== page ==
El Dorado Not Quite the Paradise Envisioned?

Or perhaps the headline should read City of Gold not so Golden these days.

The massive religious compound just outside of El Dorado, Texas was raided earlier this week. The site belongs to a recently made infamous separatist group of The Church of Jesus Christ of Latter Day Saints. I might have more sympathy for these polygamists if they weren’t consciously warping the minds of female children, and then having sex with them.

Associated PressDocuments: Sect Married Girls at Puberty – Apr 11, 2008

Most annoying feature of this story? They housed the people they removed from this backwater in the best restored frontier fort in the region, Fort Concho in San Angelo, forever branding my former home town as associated in some fashion with weirdos who should more rightly be located around Waco rather than way out West.

Seriously, just put the child rapists into the regular prison population and let the prisoners deal with them. That should serve as sufficient warning to the rest of these types of perverts.

Distracted Driving

Another rant inspired by Jeff Ward and Our Little Show. I can’t find any information on this subject other than the news story on KLBJ AM’s website, but I’m betting that this issue is being discussed, along with the issue of red light cameras

[go here to voice your opposition to that issue. Red light cameras actually cause accidents because of their effect on traffic, and because the governments that install them also shorten yellow light times so as to make more money from the cameras. It’s all about cash flow]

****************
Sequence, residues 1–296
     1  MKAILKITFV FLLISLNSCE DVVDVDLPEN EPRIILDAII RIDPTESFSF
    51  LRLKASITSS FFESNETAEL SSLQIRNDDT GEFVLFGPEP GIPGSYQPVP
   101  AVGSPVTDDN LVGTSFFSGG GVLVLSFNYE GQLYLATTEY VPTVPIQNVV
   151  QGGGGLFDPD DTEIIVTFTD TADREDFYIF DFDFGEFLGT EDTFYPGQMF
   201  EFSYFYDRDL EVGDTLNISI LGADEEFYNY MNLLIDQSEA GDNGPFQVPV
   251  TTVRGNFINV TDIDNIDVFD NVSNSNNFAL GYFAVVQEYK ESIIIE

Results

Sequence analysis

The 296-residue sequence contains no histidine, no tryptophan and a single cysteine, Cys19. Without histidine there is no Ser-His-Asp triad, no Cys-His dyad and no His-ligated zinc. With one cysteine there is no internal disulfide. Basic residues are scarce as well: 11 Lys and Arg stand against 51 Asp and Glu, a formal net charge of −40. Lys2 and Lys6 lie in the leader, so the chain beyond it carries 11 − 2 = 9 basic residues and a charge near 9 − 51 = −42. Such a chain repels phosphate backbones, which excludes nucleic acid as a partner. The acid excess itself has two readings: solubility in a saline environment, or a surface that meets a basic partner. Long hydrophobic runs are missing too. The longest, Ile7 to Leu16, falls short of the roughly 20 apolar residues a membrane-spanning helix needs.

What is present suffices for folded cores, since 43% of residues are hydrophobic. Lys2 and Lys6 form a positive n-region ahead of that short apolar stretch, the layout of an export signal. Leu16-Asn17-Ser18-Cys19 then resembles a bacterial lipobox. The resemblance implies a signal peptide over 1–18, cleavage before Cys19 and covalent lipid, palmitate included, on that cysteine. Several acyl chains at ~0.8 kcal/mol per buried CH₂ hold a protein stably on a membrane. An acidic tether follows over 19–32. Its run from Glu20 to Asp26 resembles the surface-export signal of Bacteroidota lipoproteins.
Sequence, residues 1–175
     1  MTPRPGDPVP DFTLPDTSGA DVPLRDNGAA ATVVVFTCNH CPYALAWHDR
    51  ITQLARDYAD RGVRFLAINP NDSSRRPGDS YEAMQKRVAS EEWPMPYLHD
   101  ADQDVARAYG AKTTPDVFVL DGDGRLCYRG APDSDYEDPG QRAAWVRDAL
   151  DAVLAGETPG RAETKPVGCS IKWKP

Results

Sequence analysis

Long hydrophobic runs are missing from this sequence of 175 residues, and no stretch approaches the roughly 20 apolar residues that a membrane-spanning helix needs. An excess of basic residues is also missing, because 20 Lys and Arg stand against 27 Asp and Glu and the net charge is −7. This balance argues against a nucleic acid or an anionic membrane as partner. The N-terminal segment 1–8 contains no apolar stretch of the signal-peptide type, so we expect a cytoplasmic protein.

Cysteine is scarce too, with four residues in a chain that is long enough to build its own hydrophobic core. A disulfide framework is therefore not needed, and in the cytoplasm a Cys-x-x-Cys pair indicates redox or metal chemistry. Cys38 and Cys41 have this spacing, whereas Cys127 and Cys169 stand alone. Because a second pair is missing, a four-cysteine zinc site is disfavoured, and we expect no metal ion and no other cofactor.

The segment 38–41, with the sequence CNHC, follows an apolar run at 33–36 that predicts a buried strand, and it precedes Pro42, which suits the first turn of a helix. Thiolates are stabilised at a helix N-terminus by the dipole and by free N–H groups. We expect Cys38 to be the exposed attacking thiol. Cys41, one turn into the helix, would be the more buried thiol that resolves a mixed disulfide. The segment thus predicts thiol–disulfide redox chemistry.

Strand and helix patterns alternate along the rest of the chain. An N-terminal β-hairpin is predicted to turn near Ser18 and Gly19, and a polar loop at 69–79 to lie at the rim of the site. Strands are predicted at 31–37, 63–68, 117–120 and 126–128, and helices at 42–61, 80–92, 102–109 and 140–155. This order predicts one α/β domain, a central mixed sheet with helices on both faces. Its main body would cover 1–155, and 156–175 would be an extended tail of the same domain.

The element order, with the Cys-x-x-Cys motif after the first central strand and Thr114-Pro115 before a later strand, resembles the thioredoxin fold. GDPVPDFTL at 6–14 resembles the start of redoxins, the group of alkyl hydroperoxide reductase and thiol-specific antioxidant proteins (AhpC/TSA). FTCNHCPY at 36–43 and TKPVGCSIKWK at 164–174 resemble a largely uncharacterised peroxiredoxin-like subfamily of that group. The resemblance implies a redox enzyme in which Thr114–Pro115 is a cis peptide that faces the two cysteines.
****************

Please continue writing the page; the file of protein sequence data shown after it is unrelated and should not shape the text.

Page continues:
both of which are favored by a number of Austin City council members (Congresscritters in training is what they really are) neither of which are good ideas. Don’t take my word for it, check out what AAA has to say about the dangers of driving distracted. Sure, I’ve nearly been run over by people on cell phones (more than once) I’ve also been nearly run over by people arguing with children, spilling coffee, doing their makeup, shaving, you name it.

When I have been run over (I think the total is about 6 wrecks now, none of which my insurance had to pay for) it’s always been by someone who was distracted by a passenger in the car. Maybe we should limit vehicle capacity to one person. That should cut down on the number of accidents.

But the thing that really chaps my hide is this driving need on the part of politicians to pass a new law that essentially duplicates parts of laws already on the books. If a policeman feels you are unreasonably distracted by your use of a cell phone, he can already pull you over and issue a ticket for reckless driving. So the new law does…?

Nothing but put more money into government coffers.

City Council contact info.

No Mugus Currently in Residence

Hardly a day goes by where I don’t get some variant on the Nigerian 419 scam. It amazes me that anyone would fall for these scams. All of them are written in very poor English, none of them correctly addressed to a single recipient, all of them clearly a scam to the skeptical eye.

But this was the subject of a 20/20 episode a few weeks ago. Thousands of people have been taken in by these stupid scams.

Years ago, back before e-mail was the medium of choice, they used to fax these scams to businesses. One of my former employers wanted to follow-up a fax that he received, offering to cut him in on a percentage of the millions if he just lent his bank accounts to the transfer of large sums of money from a country (Nigeria, of course) that was currently sitting on the funds. He probably would have done it if I hadn’t been loudly skeptical on the subject. I’d never heard of 419 scams then, I wish I could still say the same thing.

Clearly, the average American is far too gullible, or the scammers would have found another way to make a living; and the process will continue until Mugu Americans wise up.

O.J. Simpson: Confessed Killer

O.J. is coming out with a book and an interview in which he confesses… I mean, theorises what happened the night that he killed… Excuse me, the night that his ex-wife and her boyfriend were viciously, brutally murdered.